When it comes to industrial fans, you’ll always have a choice among several options. But when selecting fans for a variety of industries — including those for use in mines, factories, and commercial buildings — two of the most popular types are axial and radial.
Not only are axial and radial fans the most applicable across a broad range of industries, but they’re also the two most common types of fans available today on the market.
Industrial Fans: Understanding The Difference Between Axial and Radial Fan
So what type of fan — axial or radial — is better for your application? Neither is a bad choice, but there are situations when one should be selected over the other. Hence, choosing the right type of fan often comes down to factors such as air displacement, volume, and even blade type. This post will take a closer look at the basics, key differences, and advantages and disadvantages of both axial and radial fans.
If you’ve ever lived in a home without air conditioning or slept in a loft that required a bit more air circulation to promote a comfortable environment, the portable fan that you set up to help cool the area is likely an axial fan.
Axial fans got their name for the way the fan blades operate — rotating around an axis and thereby pushing air out in a way that’s parallel to the axis. The example that we used above is common in household and small industrial settings. However, axial fans can be made much larger, suitable for factories and underground mining operations.
Axial fans are frequently used when there’s a need for a large volume of air. Though axial fans do a nice job achieving this goal, it’s fairly low-pressure air and not highly concentrated to a certain area.
Also known as “centrifugal fans,” radial fans don’t pull air parallel to the axis as axial fans do. Instead, they move air from the center, radially — hence their name. To create the air, radial fans first pull it into the fan. This is often done via a side intake, which varies based on how the size of the fan.
A simple example of a centrifugal fan is a small “blower” fan, used in residential and commercial environments to quickly dry damp areas of the building or areas with water damage.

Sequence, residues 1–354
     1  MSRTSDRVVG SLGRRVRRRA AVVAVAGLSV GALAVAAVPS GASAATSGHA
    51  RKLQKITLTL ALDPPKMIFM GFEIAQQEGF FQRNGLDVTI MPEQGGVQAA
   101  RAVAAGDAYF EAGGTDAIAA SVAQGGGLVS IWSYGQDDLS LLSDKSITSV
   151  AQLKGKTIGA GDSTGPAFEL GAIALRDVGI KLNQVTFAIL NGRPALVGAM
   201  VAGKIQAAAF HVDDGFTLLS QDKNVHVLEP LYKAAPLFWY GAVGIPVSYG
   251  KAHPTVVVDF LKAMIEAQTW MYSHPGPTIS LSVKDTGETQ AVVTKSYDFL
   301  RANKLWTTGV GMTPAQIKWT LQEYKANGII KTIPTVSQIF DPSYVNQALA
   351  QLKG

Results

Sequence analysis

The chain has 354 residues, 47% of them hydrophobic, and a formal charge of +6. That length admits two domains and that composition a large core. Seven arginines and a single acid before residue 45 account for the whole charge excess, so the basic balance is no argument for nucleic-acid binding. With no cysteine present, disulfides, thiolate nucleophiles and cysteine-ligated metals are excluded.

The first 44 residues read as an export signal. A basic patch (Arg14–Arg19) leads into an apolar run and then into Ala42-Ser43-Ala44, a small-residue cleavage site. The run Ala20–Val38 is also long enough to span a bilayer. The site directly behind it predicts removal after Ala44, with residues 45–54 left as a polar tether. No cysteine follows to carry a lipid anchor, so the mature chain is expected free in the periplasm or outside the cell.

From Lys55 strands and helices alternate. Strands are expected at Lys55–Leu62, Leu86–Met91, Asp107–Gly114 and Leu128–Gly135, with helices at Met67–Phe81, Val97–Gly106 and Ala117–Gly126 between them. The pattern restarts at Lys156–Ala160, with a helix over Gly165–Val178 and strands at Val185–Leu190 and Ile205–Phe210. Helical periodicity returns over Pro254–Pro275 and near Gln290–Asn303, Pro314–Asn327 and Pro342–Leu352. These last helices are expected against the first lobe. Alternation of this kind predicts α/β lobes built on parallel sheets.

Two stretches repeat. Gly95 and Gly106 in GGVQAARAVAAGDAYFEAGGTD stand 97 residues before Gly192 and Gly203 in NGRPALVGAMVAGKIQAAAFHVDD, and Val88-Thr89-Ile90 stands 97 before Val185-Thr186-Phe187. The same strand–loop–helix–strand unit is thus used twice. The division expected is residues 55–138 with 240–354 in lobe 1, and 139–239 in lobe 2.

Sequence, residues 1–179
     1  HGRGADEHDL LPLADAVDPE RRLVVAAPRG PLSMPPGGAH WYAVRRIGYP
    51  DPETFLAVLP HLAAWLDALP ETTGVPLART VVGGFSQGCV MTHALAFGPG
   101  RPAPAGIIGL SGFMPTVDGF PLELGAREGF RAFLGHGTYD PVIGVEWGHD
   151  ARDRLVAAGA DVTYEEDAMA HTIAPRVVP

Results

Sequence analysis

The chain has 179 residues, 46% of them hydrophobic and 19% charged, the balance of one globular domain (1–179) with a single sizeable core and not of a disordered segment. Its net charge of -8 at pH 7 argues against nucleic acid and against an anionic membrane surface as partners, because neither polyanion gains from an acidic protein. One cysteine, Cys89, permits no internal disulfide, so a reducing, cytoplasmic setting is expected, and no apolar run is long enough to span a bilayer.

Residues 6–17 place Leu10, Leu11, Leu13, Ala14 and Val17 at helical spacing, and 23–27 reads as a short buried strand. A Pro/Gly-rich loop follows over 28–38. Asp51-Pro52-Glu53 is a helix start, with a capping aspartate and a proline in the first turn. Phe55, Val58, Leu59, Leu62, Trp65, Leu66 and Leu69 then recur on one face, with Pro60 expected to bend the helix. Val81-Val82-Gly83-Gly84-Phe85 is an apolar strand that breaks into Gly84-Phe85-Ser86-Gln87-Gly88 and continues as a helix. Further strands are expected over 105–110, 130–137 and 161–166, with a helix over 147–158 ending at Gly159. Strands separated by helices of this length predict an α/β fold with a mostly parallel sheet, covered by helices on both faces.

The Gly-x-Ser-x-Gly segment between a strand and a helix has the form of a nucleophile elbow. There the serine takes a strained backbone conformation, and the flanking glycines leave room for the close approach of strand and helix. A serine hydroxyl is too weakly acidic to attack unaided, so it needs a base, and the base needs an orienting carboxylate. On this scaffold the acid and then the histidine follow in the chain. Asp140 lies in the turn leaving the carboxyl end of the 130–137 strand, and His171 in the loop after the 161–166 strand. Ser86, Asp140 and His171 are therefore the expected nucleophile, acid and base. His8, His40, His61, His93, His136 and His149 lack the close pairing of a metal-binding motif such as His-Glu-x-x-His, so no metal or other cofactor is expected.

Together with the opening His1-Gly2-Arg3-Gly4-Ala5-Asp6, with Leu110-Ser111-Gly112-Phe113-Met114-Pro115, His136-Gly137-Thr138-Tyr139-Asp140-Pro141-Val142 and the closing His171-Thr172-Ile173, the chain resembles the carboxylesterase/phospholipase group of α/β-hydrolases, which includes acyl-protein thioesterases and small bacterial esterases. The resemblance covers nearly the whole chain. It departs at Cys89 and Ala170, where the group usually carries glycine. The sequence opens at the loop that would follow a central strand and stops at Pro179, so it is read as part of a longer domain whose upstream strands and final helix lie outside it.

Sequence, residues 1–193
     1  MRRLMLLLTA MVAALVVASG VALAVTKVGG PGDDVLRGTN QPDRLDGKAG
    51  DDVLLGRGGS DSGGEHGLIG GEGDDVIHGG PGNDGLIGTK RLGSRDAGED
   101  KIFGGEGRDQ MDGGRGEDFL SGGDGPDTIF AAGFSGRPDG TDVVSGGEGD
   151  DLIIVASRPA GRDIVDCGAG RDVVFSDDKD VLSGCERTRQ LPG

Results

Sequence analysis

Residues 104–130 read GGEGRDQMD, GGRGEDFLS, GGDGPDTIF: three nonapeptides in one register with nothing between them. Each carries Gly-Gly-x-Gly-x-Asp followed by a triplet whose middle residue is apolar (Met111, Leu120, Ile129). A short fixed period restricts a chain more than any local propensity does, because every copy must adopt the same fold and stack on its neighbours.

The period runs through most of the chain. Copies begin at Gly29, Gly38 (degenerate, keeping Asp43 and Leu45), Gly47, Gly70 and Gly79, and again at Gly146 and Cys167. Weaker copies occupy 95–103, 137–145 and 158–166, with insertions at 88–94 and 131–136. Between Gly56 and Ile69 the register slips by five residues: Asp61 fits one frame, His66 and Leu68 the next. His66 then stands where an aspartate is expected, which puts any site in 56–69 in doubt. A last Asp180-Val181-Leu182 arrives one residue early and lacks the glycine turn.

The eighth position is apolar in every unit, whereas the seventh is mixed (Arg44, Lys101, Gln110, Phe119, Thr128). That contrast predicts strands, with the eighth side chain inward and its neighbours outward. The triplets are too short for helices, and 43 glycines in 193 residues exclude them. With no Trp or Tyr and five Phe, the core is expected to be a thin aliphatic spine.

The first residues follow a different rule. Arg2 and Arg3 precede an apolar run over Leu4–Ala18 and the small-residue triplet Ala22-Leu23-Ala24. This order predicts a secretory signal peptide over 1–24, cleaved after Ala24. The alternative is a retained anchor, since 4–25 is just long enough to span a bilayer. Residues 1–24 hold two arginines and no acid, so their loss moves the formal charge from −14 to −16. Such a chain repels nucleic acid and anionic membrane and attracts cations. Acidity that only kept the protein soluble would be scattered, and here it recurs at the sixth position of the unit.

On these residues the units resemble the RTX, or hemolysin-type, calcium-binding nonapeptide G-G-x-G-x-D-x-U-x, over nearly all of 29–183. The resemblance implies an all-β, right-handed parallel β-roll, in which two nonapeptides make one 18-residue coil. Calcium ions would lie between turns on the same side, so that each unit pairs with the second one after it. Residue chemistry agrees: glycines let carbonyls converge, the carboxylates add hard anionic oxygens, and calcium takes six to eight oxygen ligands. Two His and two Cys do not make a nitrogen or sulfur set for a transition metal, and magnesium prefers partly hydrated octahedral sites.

Though the volume of these types of fans is usually less than that of axial fans, the pressure is much greater. They’re also better able to directly target a specific area. Radial fans used in heavy industrial and mining environments are typically larger, drawing in the air via intakes and then running it through a series of ducts before it is dispersed.
Centrifugal fans may also be known as squirrel fans, squirrel cage fans, and air blower fans because of how they operate and how certain models look.
Which Is Best For Your Application? The Difference Between Axial and Radial Fans
The best way to decide which fan is right for your application is to take a deeper look at some of the key strengths and weaknesses of each.
When we talk about fan pressure, we’re referring to the type of air that it creates in a select area. Axial fans create low-pressure air, as the design of such fans allows these devices to distribute air somewhat evenly in a defined area.
Radial fans, conversely, generate high-pressure air. In other words, they’ll create a steady flow of air that can be used to target a concentrated area.
Axial fans distribute high volumes of air, just not high-pressure amounts of air. As stated previously, this makes them great for areas where large amounts of air displacement are necessary.
While radial fans generate high-pressure air, they don’t generate it in large volumes.
Generally, any appliance that is comprised of more working parts is going to consume a larger amount of energy to operate. This is the case with radial fans, which use intake to bring air into the fan, then centrifugal force to push it back out.
Because of the way that radial fans operate and the high pressure of air distributed, they use more energy to operate. Axial fans, conversely, don’t use as much energy and are usually a more sustainable option in industrial settings.
Axial fans are noisier than radial fans, which can be a factor in certain industrial environments.
Axial fans tend to operate with a great deal of turbulence, which puts an increased amount of wear and tear on the device. This can result in more maintenance or earlier replacement than radial fans over time.
Though many manufacturers will make fans based on consumer request, axial fans are more complex and portable than radial ones. Radial fans that are installed in industrial environments are typically very heavy, large and there to stay once they’re placed.
Choosing Between Radial and Axial Fans
Understanding the difference between axial and radial fans is critical in making the right choice for your application. Each type of fan has its fair share of benefits and drawbacks. You may find that a combination of each might suit your application the best.